The media in Ireland and Britain are writing, talking and agonising about Brexit, an event that has not happened yet. Mutterings are already under way about the next financial crisis. “The next downturn could rival the Great Depression,” says Ambrose Evans-Pritchard in the Telegraph. Across the world, people seem to be as interested in the future of Donald Trump as much as they are transfixed by the content of his latest pronouncement or tweet. The future can be endlessly fascinating. At the very least you may be able to do something about it, even if it is only to prepare yourself for it. The circumstances of concerts by two Irish orchestras – the Irish Chamber Orchestra and the RTÉ National Symphony Orchestra – that I heard in Dublin last week set me both to thinking about the future and rooting in the past. The key years are 1980 and 2021. September 1980 saw the start of the last 12 months of concert life in Dublin without the National Concert Hall. May 2021 is scheduled to see the start of a two-year-plus period in which the capital will once again have to lead its musical life without the NCH as we know it. Back in 1980 the RTÉ Symphony Orchestra, precursor of today’s RTÉ National Symphony Orchestra, gave most of its concerts in two venues – the St Francis Xavier Hall that used to stand at the North Circular Road end of Upper Sherrard Street, and the Gaiety Theatre. Both venues were pretty awful places for orchestral concerts.
The RDS concert hall hosted an RDS series of chamber music and instrumental recitals from October to March, and the venue was widely used by other promoters, too. In September 1980 there was a concert by flautist James Galway with the New Irish Chamber Orchestra (today’s Irish Chamber Orchestra) in advance of a tour to Germany that played in Aachen, Wiesbaden, Kassel, Mülheim, Marburg, Crailsheim, Munich, Frankfurt, Hanover, Hamburg, Bremen, Bielefeld, Helmstedt and the Philharmonie in Berlin. José Carreras, later to become one of the “three tenors”, gave a concert there courtesy of the Dublin Grand Opera Society, and Dmitry Alexeev, who won the Leeds International Piano Competition in 1975, also played there. Other piano recitals were given in Castletown House by Howard Shelley and John O’Conor (who also appeared at the St Francis Xavier Hall in Bruch’s Concerto for two pianos with Martin Berkofsky), and by John Gibson at the Edmund Burke Theatre in TCD, which was also the venue for an English-language production of Mozart’s Così fan tutte by Kilkenny Chamber Opera. The National Gallery on Merrion Square was the regular performance base of the RTÉ Academica String Quartet and the RTÉ Singers. The Dublin leg of a tour of Italian baroque chamber music by Collegium Tergestinum (whose membership included Irish flautist Patricia Dunkerley) was St Michael’s Church in Dún Laoghaire. And St Ann’s Church, Dawson Street, was in use for Bach cantatas conducted by John Beckett and a coming-out recital promoted by the Music Association of Ireland.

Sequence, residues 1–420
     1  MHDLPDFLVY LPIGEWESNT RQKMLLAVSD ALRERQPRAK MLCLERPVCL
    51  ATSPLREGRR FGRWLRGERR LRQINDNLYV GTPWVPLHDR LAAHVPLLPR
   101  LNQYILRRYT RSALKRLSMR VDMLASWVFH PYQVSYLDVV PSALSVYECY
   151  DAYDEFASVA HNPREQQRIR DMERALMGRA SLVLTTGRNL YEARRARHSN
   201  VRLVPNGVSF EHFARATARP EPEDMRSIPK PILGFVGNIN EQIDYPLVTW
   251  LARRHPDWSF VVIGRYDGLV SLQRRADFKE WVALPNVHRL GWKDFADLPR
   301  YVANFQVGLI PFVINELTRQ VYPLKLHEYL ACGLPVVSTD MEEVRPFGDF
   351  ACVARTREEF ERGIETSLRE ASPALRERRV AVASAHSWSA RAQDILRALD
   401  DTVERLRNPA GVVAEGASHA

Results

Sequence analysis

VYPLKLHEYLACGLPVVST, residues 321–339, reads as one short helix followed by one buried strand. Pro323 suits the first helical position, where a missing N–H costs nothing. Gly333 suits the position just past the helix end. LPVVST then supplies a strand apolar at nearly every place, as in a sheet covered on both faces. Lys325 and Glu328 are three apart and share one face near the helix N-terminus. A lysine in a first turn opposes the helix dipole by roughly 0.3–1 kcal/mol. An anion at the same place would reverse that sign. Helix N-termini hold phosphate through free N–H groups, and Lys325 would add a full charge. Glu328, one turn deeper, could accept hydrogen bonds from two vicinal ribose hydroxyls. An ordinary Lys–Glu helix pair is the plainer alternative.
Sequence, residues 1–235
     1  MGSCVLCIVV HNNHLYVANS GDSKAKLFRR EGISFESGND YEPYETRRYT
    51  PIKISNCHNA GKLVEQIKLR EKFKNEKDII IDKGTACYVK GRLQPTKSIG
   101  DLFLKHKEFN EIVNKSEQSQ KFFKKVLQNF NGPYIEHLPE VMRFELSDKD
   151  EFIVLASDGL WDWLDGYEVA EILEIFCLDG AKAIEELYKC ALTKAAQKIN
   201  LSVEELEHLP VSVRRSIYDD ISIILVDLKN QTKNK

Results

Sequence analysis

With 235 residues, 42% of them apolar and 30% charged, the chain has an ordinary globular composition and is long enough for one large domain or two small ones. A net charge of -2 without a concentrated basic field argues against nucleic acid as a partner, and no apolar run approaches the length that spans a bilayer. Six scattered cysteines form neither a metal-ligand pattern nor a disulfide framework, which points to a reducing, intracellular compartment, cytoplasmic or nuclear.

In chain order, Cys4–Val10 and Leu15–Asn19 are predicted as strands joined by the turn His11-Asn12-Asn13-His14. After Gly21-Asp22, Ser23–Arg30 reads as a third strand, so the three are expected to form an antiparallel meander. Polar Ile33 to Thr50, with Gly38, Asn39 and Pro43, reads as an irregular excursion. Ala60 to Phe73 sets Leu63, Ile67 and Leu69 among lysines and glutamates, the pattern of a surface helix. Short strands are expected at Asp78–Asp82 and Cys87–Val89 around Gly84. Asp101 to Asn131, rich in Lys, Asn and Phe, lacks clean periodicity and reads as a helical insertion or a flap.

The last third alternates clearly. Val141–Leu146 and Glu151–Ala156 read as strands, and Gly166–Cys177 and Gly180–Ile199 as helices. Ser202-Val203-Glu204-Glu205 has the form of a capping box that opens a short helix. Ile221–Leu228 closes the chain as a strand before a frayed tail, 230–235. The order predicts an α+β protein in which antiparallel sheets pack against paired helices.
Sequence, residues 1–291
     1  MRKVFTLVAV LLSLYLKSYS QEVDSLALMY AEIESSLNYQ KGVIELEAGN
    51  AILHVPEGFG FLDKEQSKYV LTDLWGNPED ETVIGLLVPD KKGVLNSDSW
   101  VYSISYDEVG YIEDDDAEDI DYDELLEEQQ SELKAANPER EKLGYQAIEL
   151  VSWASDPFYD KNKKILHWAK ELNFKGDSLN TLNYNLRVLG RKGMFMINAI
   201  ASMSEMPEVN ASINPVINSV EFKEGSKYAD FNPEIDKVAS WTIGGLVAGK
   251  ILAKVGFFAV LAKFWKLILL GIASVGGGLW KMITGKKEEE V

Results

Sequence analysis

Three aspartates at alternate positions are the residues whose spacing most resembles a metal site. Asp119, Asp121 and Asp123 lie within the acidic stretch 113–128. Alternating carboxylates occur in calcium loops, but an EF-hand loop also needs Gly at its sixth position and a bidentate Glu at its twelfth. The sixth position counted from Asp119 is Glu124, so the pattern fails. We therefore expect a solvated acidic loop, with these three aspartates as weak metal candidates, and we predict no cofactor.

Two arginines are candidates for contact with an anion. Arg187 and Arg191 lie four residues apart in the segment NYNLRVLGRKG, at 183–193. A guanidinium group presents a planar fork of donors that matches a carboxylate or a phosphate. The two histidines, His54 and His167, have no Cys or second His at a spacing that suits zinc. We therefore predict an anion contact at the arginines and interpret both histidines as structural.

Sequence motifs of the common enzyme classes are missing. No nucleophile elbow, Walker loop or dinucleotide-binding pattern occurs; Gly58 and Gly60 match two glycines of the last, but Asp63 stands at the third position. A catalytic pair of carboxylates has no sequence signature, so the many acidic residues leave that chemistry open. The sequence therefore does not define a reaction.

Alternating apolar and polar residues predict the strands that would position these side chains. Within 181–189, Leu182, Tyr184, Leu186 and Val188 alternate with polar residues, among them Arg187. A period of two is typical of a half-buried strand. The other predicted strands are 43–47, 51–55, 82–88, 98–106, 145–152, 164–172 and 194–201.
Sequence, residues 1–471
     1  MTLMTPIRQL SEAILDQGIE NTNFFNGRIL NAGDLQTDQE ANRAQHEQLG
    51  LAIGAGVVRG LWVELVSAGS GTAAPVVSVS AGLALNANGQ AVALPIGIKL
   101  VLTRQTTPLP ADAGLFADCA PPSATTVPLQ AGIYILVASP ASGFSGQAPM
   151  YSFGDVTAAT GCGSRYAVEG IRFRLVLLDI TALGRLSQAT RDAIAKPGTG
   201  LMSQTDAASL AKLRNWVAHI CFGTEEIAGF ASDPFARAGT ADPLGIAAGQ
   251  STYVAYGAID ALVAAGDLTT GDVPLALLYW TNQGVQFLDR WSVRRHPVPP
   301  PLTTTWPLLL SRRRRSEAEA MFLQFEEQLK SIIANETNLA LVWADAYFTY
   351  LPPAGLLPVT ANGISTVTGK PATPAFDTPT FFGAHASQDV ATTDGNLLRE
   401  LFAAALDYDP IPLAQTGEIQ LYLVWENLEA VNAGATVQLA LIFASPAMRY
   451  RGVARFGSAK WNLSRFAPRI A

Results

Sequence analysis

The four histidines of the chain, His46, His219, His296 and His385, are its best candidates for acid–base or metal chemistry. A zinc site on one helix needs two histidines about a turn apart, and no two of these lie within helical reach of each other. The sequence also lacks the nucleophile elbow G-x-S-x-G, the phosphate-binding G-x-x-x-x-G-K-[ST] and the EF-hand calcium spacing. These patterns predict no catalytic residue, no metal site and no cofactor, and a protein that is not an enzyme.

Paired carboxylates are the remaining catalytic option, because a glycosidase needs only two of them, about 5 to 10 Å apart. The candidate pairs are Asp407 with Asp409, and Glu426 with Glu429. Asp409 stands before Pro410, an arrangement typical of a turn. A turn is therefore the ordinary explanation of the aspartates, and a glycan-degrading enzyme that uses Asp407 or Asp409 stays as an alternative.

Venues used later that year included the Exam Hall in TCD, the hall of Coláiste Mhuire on Parnell Square (a space soon to be subsumed into the new cultural quarter that’s being developed there), the now derelict John Player Theatre on the South Circular Road, the hall of St Patrick’s College of Education in Drumcondra (where the Wicklow Opera Group presented Nicolai’s The Merry Wives of Windsor), the hall of Corpus Christi National School on Home Farm Road (where a tour by the original Irish National Opera company brought Rossini’s Barber of Seville), the Carroll’s Theatre on Grand Parade (later the headquarters of the Irish Nationwide Building Society), the Dublin Institute of Adult Education on Mountjoy Square, and a range of churches in the city centre and the suburbs, from Sutton to Monkstown to Tallaght. Listening, or rather, trying to listen to the Irish Chamber Orchestra at Christ Church Cathedral last Thursday, with the regular swish of tyres and the occasional wail of sirens competing with the music, brought home how limited the viable options are for classical concerts outside of the National Concert Hall.
The ICO has in the past used the NCH itself, offering repertoire choices that almost guaranteed small audiences, IMMA, the RDS, the Larkin Theatre at DCU, the Mansion House, and is now using a venue that literally undermines the efforts of players and conductor – on Thursday the excitingly, wilfully dynamic Jean-Christophe Spinosi. With the NCH out of action the ICO is going to find its options even more limited as other promoters suck up viable alternatives. The RTÉ NSO played Mahler’s Resurrection Symphony under Robert Trevino with the RTÉ Philharmonic Choir on glorious form and a particularly touching contribution from mezzo-soprano Jennifer Johnston in this most stirring of late-19th-century symphonies.
Come 2021, the options for whatever the NSO has by that time morphed into will be absolutely clear. The Helix at DCU, which wipes the floor with the NCH when it comes to acoustics, will be the only game in town. It’s been used successfully by the ICO in the past and, although it is pretty much a classical graveyard at the moment, that’s all likely to change in three years’ time. Happy the promoters who worry about the future and get their dates firmed up there before the reality of life without the NCH fully dawns on the world at large. The NCH may well perceive a conflict of interest in the use of a rival venue, The Helix, by an orchestra that the Government appears to be gifting to the NCH. It’s a conflict that Minister for Culture Josepha Madigan may want to keep a close eye on.